Initial Algebras: Part II

In the last post we looked at functor algebras and properties of morphisms (arrows) between them. In this post we’ll explore initial functor algebras (or initial F-Algebras).

The Cliffhanger

The last episode ended with a question on whether it is always possible to have a consistent morphism from (Int, intAlgebra) to an arbitrary algebra. The answer, it turns out, is no.

This can be illustrated with a very important counter-example, the algebra ([Int], intListAlgebra) with

intListAlgebra :: Func [Int] -> [Int]
intListAlgebra E = []
intListAlgebra (Func x xs) = x:xs

The limitation is actually more general — no Func-algebra of the form (Int, coerce) can have a function to ([Int], intListAlgebra). For an informal proof, think about this (we’ll talk in the terminology introduced in the last post):

Consider the case when the initial Func Int is of the form Func a b. The first path morphs Func a b to frob (coerce (Func a b)) while the second path maps it to a:frob b. Let the data-type Int be able to represent N unique values and let frob map these N unique values to M unique values. In other words, let the cardinality of frob‘s range be M. Then the number of possible values of frob (coerce (Func a b)) is at most M while the number of possible values of a:frob b is N * M. Therefore the two paths can not represent the same mapping — their ranges are different.

Initial Algebras

However, the ([Int], intListAlgebra) algebra is special in a way — we can always find a function from ([Int], intListAlgebra) to any arbitrary Func-algebra. In Haskell, we should be able to implement this function:

createArrow :: (Func c -> c) -> [Int] -> c

The createArrow function is surprisingly easy to create. As earlier, we proceed with the case analysis of the Func [Int] we have to start with. The function we’re looking for is f :: [Int] -> C.

When the initial value is E, we require (f (intListAlgebra E)) = (algC ((fmap f) E)). Using the definition of fmap and intListAlgebra(which we already know), we get f [] = algC E.

When the initial value is Func x y, we require f (intListAlgebra (Func x y))) = (algC ((fmap f) (Func x y))). This simplifies to (again, using the known, fixed definitions) f (x:y) = algC (Func x (f y)).

The above two observations have just given us a nice, recursive, definition of f! 🙂 The definition of createArrow automatically follows:

createArrow algC [] = algC E
createArrow algC (x:xs) = algC (Func x (createArrow algC xs))

Moreover, it looks a lot like a foldr:

createArrow algC xs = foldr (a b -> algC (Func a b)) (algC E) xs

Such F-algebras, which have mappings to all other F-algebras are called initial algebras, and ([Int], intListAlgebra) is one. It also is a terminal co-algebra (co-algebras which have a function from all other co-algebras) but we won’t talk about them now. This dualism exists because Haskell doesn’t differentiate between inductive and co-inductive data structures. I wish it did. 🙂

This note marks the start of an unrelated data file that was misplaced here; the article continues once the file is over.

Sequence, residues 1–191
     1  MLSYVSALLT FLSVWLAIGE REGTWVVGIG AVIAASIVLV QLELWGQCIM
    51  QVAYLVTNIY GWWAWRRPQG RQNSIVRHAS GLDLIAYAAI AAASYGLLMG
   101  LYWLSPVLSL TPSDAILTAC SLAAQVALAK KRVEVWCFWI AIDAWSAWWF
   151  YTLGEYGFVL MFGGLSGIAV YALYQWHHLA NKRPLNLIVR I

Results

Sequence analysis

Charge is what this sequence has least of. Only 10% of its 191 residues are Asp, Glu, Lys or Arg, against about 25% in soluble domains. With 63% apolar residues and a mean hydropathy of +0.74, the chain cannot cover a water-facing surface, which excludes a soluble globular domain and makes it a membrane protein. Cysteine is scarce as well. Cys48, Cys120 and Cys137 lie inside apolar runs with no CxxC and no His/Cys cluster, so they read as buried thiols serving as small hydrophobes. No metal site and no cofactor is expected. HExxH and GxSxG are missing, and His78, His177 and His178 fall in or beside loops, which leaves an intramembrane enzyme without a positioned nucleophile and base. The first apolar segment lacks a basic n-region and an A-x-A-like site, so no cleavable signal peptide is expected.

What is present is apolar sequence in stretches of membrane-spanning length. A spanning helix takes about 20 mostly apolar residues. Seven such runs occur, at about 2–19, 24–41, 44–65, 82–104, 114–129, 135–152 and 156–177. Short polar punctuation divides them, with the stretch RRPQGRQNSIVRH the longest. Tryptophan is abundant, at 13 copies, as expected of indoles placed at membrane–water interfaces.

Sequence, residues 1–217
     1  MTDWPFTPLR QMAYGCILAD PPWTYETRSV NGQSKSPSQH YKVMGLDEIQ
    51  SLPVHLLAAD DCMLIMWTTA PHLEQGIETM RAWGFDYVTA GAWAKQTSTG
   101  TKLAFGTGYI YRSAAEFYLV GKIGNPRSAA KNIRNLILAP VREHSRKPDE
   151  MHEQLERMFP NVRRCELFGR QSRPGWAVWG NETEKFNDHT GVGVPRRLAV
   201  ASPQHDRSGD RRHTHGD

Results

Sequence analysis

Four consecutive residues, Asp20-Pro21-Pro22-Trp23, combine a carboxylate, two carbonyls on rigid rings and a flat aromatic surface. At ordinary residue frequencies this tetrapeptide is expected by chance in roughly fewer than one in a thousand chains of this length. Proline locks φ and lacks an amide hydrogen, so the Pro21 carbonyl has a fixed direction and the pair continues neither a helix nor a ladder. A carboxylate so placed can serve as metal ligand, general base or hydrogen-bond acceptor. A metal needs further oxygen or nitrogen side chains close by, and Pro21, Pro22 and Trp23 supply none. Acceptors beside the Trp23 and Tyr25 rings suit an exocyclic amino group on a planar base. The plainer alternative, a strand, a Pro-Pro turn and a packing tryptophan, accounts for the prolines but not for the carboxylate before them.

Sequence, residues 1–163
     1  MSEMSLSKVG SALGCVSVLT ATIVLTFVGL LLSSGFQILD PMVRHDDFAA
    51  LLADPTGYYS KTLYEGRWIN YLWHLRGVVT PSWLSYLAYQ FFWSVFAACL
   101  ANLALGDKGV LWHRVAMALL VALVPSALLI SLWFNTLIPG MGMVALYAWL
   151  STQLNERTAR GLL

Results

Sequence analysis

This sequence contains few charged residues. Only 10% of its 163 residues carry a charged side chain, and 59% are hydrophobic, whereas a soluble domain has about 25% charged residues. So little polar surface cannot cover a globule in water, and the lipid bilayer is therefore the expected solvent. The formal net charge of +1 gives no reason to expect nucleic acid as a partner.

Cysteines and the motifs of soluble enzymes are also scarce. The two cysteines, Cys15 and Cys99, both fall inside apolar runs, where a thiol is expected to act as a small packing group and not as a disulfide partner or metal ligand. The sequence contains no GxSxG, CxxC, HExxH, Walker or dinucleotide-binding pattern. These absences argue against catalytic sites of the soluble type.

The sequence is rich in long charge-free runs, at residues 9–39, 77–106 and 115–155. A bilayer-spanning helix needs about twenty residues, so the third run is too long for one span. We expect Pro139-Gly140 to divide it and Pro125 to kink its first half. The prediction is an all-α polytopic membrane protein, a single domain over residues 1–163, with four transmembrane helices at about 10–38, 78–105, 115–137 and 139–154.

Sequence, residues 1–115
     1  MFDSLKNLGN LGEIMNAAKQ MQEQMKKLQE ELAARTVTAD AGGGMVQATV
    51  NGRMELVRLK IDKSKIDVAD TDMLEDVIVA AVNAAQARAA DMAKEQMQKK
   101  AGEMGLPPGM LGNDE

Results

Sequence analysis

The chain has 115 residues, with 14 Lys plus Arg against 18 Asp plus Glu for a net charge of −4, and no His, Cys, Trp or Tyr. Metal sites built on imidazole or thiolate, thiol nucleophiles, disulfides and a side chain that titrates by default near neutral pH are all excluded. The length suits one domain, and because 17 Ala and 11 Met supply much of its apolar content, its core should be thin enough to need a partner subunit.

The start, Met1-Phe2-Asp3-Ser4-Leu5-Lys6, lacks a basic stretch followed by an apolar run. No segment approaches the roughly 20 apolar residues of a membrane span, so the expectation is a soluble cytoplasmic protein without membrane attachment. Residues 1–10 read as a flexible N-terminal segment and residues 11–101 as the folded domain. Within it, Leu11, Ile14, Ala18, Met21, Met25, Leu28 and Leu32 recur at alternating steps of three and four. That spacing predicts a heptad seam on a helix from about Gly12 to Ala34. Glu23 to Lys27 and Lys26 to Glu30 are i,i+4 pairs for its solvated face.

Lambek’s Lemma

Lambek’s lemma states that if a functor has an initial algebra, the initial algebra is a fixed point of the functor. Above, we can see that [Int] is, indeed, the fixed point of the Func. Alternatively, it says the (Func [Int] -> [Int]) we came up with is an isomorphism — it has an inverse; which is also something apparent from the above example.

Why I find F-algebra’s interesting

I decided to read up a little bit on this topic when I realized that I could use arrows between F-algebras to represent correctness preserving compilations. For instance, consider a simple evaluator for arithmetic expressions:

data Arith a = Add a a | Sub a a | If a a a | Atom Int
-- Define fmap the usual way
data StackLang = PushSL Int | AddSL | SubSL | IfSL

stackAlg :: Arith [StackLang] -> [StackLang]
stackAlg (Add a b) = AddSL:(a ++ b)
stackAlg (Sub a b) = SubSL:(a ++ b)
stackAlg (If a b c) = IfSL:(a ++ b ++ c)
stackAlg (Atom a) = [PushSL a]

runStack :: [StackLang] -> Int
runStack stack = head $ horse stack []
  where horse (PushSL a:r) s = horse r (a:s)
        horse (AddSL:r) (x:y:s) = horse r (x + y:s)
        horse (SubSL:r) (x:y:s) = horse r (x - y:s)
        horse (IfSL:r) (x:t:f:s) =
          horse r ((if x /= 0 then t else f):s)
        horse [] s = s

eval :: Arith Int -> Int
eval a = {- usual -}

Now, if we can show that runStack is an arrow from (Arith [StackLang], stackAlg) to Arith Int, we will have proved that one step of compiling a top level expression to a stack-machine language preserves semantics. By structural induction, we can then prove the whole compilation process semantics-preserving.

We know that we have always have an arrow (rather a unique arrow) from the fixed point of Arith (finite expressions in this toy expression language) to any arbitrary algebra. Specifically, the arrow to eval should tell us something about how we recursively combine results of evaluating sub-trees into a value.

I’m still quite new to all this, but, so far, Category Theory looks rather interesting and I’m probably going to spend some more time on it.

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